As one almost must in cases like this, I turn to Elizabeth Gilbert.
Not her new book--its topic a million miles away from me right now--but rather Eat, Pray, Love, with its dog-eared pages and the notes I made in the margins when I first read it three years ago, right around this same time. (April is the cruelest month, T.S. Eliot? Au contraire; it's February.)
Last night, it was Anne Lamott's Traveling Mercies that I pulled from my bookshelves, because I love Anne Lamott, and will happily do my best to lose myself in her words at any time, and because things last night had not yet stepped off a cliff with both feet. I read until I fell asleep, thinking, after I turned my lamp off, of the final words of the W.S. Merwin poem with which she opens the book ("we are saying thank you faster and faster/with nobody listening we are saying thank you/we are saying thank you and waving/dark though it is").
But now, come morning, an unhappy chat behind me, I'm off that cliff, and it's Gilbert, not Lamott, I need most. I can't shake the vision of those paintings of Jesus in which he has two fingers in the open gash in his chest, right over his heart. At the risk of sounding utterly sacrilegious, I know the feeling today, my man: something in me that was intact has torn open, and I can't ignore the wound, much as I'd like to.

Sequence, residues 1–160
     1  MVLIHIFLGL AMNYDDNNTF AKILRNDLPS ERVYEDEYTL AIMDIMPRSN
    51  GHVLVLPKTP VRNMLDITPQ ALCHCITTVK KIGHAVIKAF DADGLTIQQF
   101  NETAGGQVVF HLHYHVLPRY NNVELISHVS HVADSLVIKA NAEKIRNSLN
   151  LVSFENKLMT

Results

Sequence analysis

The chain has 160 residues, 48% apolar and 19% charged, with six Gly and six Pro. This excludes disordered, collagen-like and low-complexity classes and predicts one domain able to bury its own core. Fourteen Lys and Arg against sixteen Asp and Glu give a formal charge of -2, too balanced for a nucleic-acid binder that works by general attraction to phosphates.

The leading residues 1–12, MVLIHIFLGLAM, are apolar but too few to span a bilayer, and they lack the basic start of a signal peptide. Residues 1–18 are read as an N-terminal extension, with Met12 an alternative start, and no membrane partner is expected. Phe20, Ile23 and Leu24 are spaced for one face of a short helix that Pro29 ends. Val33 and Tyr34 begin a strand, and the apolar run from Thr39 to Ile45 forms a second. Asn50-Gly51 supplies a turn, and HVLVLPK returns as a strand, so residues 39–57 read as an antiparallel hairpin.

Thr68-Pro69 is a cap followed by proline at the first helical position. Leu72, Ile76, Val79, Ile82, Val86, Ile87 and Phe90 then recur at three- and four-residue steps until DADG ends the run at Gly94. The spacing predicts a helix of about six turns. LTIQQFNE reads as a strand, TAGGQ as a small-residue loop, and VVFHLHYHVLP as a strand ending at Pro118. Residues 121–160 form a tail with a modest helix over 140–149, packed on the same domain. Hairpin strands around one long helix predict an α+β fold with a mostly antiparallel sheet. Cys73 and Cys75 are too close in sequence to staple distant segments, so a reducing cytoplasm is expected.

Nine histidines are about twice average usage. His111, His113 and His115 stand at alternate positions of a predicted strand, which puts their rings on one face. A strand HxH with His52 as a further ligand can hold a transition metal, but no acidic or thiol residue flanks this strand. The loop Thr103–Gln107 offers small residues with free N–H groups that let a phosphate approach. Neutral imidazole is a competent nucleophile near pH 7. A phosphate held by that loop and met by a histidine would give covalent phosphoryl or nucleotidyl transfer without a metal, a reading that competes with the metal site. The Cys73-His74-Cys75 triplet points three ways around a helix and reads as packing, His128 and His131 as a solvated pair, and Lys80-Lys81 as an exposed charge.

So I return to Eat, Pray, Love.
Being the annoying completist that I am, and now faced with an unwelcome surfeit of free time clamoring to be filled with distractions, I will, of course, read the damn thing cover-to-cover all over again. Maybe twice.
But for now I flip through and read the passages I marked last time, thinking Yes, thinking Remember that, thinking Know that. You made it through--and out--before. You will certainly make it through again.
With my fingers over that new, sore, achy, messy wound, then, I keep reading.